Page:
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Physics Colloquium

Thursday, November 14, 2019
4:00pm to 5:00pm
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East Bridge 201 (Richard P. Feynman Lecture Hall)
Looking through the Gravitational Wave Window on the Universe
Laura Cadonati, Georgia Institute of Technology,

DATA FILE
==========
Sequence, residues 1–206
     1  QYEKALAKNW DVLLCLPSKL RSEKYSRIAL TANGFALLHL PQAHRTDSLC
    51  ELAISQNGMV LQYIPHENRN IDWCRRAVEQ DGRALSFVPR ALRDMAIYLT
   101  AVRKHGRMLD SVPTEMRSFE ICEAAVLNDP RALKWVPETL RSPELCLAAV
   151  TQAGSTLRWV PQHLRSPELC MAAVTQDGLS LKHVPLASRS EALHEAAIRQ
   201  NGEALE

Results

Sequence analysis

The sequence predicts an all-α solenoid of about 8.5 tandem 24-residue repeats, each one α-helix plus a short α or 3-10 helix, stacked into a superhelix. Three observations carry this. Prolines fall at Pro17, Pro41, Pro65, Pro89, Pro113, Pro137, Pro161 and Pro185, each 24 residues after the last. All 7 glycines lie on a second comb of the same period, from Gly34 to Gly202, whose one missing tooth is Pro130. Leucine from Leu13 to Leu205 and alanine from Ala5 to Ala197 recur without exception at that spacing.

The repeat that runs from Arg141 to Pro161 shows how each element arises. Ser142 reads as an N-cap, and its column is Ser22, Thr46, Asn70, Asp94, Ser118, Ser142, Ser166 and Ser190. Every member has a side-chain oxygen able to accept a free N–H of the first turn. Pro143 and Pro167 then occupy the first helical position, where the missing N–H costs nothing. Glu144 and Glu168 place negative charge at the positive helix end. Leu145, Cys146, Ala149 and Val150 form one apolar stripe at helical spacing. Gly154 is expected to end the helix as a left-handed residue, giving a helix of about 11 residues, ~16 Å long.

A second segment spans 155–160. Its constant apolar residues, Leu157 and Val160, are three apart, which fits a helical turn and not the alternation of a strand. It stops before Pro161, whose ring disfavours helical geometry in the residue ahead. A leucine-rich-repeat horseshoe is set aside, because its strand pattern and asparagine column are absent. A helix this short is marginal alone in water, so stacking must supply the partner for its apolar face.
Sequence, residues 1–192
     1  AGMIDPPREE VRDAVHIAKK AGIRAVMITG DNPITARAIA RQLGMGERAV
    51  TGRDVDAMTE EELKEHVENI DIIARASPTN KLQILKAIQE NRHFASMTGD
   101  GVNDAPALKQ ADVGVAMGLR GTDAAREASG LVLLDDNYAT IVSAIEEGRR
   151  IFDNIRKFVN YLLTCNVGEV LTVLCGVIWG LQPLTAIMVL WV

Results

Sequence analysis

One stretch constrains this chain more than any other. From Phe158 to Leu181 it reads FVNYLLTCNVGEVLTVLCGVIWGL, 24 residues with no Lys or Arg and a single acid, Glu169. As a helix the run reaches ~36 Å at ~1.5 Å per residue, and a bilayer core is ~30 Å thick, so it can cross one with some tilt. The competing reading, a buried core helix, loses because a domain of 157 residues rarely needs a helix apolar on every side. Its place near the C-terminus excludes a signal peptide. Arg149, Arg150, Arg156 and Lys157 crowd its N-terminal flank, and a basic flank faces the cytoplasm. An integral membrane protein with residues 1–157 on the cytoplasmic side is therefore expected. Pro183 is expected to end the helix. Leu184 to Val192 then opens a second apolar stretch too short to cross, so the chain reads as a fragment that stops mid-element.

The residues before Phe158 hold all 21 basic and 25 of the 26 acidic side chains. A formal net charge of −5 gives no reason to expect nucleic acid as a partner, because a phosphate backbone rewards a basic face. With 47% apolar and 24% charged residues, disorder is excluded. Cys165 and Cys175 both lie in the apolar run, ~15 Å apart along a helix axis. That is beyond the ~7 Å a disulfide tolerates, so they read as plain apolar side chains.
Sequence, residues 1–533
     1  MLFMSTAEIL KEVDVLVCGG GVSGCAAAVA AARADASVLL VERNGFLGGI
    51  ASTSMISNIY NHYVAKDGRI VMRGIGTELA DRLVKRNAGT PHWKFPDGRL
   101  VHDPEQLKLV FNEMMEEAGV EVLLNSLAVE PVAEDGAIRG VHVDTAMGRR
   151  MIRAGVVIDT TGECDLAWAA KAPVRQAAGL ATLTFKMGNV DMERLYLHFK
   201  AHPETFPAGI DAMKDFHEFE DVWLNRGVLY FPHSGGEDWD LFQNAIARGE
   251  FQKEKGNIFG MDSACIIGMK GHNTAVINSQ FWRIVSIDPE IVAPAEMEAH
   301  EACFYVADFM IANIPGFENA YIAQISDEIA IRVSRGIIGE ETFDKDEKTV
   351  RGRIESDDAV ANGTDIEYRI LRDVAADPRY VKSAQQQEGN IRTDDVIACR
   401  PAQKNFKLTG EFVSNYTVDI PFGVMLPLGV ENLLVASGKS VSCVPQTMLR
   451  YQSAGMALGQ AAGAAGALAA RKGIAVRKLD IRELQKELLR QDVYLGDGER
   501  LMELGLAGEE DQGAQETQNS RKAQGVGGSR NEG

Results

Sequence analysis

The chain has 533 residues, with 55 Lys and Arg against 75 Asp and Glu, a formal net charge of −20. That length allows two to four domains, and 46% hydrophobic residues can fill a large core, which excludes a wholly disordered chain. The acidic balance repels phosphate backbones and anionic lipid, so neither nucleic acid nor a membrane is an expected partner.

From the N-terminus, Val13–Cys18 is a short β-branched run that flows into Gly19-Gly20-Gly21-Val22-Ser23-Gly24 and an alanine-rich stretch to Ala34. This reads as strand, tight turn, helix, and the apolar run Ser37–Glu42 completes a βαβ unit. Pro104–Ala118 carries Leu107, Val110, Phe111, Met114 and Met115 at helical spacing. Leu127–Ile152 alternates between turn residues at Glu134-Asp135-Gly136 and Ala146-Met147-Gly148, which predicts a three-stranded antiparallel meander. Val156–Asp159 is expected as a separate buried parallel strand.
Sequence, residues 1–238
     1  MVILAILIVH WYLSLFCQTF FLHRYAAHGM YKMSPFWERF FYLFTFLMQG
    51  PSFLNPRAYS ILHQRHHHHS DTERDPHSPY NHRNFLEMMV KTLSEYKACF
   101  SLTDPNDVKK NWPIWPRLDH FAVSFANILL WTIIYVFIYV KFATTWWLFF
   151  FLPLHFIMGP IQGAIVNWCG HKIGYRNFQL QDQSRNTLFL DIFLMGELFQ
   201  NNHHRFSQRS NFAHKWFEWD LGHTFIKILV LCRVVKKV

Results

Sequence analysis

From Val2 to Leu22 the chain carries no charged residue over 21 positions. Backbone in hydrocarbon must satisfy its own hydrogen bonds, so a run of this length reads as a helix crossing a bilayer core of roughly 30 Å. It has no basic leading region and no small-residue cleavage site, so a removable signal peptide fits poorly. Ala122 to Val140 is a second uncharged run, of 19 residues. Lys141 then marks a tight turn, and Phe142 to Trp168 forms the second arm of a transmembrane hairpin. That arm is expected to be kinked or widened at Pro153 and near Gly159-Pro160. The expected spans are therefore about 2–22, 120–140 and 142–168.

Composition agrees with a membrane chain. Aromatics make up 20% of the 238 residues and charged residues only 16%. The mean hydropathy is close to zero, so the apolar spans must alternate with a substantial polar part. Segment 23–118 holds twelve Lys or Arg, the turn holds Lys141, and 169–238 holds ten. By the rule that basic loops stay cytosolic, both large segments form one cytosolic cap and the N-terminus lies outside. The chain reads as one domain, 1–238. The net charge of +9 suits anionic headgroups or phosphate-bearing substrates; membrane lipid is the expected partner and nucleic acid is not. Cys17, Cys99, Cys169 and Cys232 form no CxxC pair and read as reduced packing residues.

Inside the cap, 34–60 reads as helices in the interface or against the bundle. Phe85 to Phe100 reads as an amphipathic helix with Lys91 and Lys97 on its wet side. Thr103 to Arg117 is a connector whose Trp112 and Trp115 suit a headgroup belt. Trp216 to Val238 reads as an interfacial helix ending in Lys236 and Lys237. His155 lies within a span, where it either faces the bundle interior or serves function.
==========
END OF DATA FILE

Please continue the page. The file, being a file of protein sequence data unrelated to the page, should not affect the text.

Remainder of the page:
The past five years have witnessed the beginning of a new era in astrophysics, beginning with the 2015 discovery of gravitational waves from the collision of two black holes. Since then, the Laser Interferometer Gravitational-wave Observatory (LIGO) and its sister project Virgo have observed multiple gravitational wave signals from the collision of pairs of black holes, and the 2017 detection of gravitational waves from the collision of two neutron stars, in coincidence with a gamma ray burst and a kilonova, has elevated multi-messenger astrophysics from concept to tool for discovery and exploration. Gravitational waves are a new, important probe for understanding the universe, with a rich science potential ranging from astronomy to cosmology to nuclear physics. This talk will present the current status of the LIGO and Virgo detectors, review what we have learned about black holes, neutron stars and the Universe, discuss the implications for gravitational wave astrophysics and give an outlook for future generations of gravitational wave detectors.